We have the typical common hair that's black, brown, yellow, etc. And we can call them brunets, blondes, redheads, and so on.

Even with eyes. We call them blue-eyed, brown-eyed, gray, etc.

What do you call the "uncommon" features?

For example, natural lilac hair? Or even heterochromia?

I guess they could be called lilac-haired or "hair the color of lilac" But, that's honestly 2 descriptions I could think of.

What about heterochromia? A pov of a person's first time meeting someone who has different colored eyes.

She stared into weird mismatched eyes she has never seen before. The person she bumped into have different colored eyes, the right eye blue while the other is brown

People with blue eyes can be called "blue-eyed girl/boy/man/woman". It would be the same with "brown-haired girl", what would it be when describing someone with an odd feature?

2 Answers 2


@manuel-norman already covered the question of how to introduce such a character.

If you want to keep referring to the character after this introduction, and they're not given a name or role (e.g. "the clerk", "the mayor"), then yes, it makes sense for your protagonist to mentally refer to them by their most striking feature. Once the protagonist has adjusted to the unusual feature, writing "the purple-haired girl" really is no different from any other colour. The same is true for a lot of other characteristics like "the one-armed officer".

Admittedly, for other features it becomes a bit more clunky, such as with "the man with different eye colours", especially when you refer to the character a lot. But that's really no different from having a character with a long name or title. If you use the same phrasing for every occuring, readers will be able to skip over it and know who you mean. I'd try to avoid the temptation of mixing it up by using slightly different wording (e.g. "the man with one blue and one brown eye", "the man with blue and brown eyes") unless you want to draw attention to the feature and/or show that it draws your protagonist's attention.

If the descriptor still comes up too often, you could try rearranging your paragraph, so that some of the descriptions can be replaced by a simple pronoun. Or as the protagonist gets to know the character, they discover a new attribute (name, role etc.) that can replace the description.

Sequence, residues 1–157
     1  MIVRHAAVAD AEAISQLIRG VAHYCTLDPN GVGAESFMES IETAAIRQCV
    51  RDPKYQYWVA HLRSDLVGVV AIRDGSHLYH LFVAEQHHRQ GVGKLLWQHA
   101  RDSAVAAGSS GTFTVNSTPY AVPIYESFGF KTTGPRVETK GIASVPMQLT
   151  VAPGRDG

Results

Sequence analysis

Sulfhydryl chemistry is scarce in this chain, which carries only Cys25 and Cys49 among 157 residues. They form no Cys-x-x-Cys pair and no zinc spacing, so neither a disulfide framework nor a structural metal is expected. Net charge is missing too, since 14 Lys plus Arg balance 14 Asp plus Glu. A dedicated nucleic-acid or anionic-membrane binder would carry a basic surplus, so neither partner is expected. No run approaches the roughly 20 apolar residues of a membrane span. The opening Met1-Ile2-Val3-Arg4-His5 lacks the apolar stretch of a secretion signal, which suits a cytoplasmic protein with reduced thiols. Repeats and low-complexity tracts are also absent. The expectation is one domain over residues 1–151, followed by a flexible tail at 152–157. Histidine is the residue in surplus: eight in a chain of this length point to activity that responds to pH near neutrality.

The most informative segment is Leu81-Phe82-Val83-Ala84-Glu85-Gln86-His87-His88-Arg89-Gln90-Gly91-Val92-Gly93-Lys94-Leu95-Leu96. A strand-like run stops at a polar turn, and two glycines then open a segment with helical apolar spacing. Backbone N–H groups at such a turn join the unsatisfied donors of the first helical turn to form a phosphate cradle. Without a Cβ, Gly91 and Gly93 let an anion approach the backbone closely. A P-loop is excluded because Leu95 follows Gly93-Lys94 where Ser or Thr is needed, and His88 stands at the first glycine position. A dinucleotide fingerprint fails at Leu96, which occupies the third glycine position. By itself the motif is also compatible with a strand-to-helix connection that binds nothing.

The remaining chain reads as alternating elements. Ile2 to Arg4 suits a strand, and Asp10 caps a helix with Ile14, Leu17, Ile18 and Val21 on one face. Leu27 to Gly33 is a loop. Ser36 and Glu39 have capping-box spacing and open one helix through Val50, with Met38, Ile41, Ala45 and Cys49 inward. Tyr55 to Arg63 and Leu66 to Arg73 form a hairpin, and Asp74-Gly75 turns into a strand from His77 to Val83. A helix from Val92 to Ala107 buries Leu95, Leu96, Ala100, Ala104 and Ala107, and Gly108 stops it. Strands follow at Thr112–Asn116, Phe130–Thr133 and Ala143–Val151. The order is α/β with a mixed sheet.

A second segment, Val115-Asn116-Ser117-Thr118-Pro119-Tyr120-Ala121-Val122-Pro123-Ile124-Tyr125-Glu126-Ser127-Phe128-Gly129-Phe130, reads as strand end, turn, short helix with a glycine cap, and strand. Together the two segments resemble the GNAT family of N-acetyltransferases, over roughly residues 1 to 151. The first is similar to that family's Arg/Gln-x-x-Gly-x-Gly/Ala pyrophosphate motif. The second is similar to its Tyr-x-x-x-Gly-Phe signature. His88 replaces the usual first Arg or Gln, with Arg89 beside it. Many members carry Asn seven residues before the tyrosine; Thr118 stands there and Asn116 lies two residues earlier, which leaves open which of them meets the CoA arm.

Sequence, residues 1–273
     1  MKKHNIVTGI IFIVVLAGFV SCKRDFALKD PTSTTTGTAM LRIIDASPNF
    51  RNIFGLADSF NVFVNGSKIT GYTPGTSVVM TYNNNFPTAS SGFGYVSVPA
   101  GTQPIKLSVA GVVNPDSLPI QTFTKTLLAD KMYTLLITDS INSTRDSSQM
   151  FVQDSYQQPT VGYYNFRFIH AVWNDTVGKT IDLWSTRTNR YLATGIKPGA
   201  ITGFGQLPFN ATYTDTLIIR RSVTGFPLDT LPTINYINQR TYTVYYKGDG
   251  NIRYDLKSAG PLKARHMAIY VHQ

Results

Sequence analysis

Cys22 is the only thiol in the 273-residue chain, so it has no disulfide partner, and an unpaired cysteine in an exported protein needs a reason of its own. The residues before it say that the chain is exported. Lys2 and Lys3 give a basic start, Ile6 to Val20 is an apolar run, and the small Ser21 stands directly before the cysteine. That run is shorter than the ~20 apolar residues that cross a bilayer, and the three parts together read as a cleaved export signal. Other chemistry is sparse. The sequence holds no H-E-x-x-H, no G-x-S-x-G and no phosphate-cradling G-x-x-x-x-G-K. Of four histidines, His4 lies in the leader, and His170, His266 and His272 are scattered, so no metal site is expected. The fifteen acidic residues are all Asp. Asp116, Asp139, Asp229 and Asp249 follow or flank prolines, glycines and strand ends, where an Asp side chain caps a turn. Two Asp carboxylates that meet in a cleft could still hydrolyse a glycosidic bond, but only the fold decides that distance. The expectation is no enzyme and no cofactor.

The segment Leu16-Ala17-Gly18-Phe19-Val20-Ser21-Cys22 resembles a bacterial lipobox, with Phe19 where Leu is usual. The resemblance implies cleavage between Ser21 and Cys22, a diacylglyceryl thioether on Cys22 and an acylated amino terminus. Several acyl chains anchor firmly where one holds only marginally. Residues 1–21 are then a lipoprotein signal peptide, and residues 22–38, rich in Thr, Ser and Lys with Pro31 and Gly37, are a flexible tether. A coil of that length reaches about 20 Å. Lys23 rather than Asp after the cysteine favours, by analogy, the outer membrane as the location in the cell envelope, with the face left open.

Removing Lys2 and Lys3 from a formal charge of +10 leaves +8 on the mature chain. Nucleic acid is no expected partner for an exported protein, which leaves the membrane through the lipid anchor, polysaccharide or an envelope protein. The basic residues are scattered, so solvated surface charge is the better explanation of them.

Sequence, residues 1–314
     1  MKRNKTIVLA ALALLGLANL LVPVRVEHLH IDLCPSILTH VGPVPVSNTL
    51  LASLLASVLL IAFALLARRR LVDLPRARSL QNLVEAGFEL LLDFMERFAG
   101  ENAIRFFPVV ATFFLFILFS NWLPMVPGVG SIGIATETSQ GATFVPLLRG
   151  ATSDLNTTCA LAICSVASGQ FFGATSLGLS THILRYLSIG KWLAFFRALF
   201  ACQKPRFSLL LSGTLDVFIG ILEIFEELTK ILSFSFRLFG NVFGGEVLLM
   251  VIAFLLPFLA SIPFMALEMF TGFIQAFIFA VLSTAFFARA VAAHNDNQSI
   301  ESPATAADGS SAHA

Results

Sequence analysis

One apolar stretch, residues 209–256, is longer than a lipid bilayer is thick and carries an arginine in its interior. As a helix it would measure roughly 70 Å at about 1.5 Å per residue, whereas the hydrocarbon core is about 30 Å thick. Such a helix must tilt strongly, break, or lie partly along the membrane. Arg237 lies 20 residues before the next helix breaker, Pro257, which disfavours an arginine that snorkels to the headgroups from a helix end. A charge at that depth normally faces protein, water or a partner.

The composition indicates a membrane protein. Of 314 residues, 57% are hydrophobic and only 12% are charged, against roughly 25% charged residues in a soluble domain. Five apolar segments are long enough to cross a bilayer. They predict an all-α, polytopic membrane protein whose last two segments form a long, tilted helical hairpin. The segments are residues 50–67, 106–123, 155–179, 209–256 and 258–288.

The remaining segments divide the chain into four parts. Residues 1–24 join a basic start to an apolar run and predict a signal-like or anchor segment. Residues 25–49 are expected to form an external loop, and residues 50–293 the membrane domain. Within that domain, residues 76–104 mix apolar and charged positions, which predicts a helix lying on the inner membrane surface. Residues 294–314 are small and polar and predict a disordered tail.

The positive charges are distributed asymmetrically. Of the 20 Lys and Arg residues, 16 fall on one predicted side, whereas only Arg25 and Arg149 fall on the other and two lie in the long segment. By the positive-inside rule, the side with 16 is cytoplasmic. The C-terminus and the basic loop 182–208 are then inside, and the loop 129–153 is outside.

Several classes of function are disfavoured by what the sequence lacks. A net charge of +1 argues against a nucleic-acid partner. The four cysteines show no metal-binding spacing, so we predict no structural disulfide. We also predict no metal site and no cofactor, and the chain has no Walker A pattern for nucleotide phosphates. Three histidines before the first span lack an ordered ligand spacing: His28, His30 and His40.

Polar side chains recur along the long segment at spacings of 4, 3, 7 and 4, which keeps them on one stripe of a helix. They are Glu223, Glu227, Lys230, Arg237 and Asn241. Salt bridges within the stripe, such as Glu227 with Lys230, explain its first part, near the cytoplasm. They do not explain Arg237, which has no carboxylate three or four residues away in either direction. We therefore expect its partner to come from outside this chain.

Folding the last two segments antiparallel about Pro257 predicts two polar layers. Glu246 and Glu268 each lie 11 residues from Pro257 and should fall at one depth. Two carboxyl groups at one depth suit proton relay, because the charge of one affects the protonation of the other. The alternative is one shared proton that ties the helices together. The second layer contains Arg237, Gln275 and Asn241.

I think it is useful to distinguish two different cases:

  1. the feature is uncommon in our world, but common in the world of the story (think of fantasy novels).

In this case, I would explain it in a matter-of-fact way, so that it is immediately recognized as something natural in the world of the story. For instance, if a character has a head shaped like a cone, and this is normal, I'd write:

As I entered the shop, I was welcomed by a wonderful woman, her thick hair fluttering like tiny tentacles protruding from the tip of her cone-shaped head.

  1. The feature is uncommon in the world of the story.

Under these circumstances, I would imagine the scene in my head, figuring out what my first thoughts would be if I really met that person. Since the feature is so uncommon, I'd write:

When I entered the shop, I was approached by a whimsical figure. At first, I didn't know what to think. I was overwhelmed by the bizarre aspect of the woman, so unnatural, so peculiar, and yet, at the same time, mesmerizing. My brain was flooded by a bewildering sense of wonder: the shape of her head, a cone of preposterous size, gawked at me with tenderness, as the woman welcomed me in her den.

  • 1
    So, does her head speak or act in a pompous, arrogant way, or is her head just pretentious?
    – JRE
    Commented May 11, 2022 at 9:47
  • 2
    How is a head pretentious?
    – JRE
    Commented May 11, 2022 at 9:57
  • 1
    Try preposterous.
    – JRE
    Commented May 11, 2022 at 10:09
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    Modesitt does this with hair colours. In some of his worlds magic wielders have a special colour of hair we don't have, and he has characters realize that the newcomer must be a magic wielder because of their hair, which he never entirely describes other than to say it is a grey that is not the grey of age, but rather the grey of being a magic wielder. Commented May 11, 2022 at 13:02
  • 1
    @KateGregory: As a reader, when I see something like that, I'm just going to make up a visual interpretation and put it in my mind's eye. For example, maybe a magic wielder's hair sparkles in the light or something obvious like that.
    – Kevin
    Commented May 11, 2022 at 17:07

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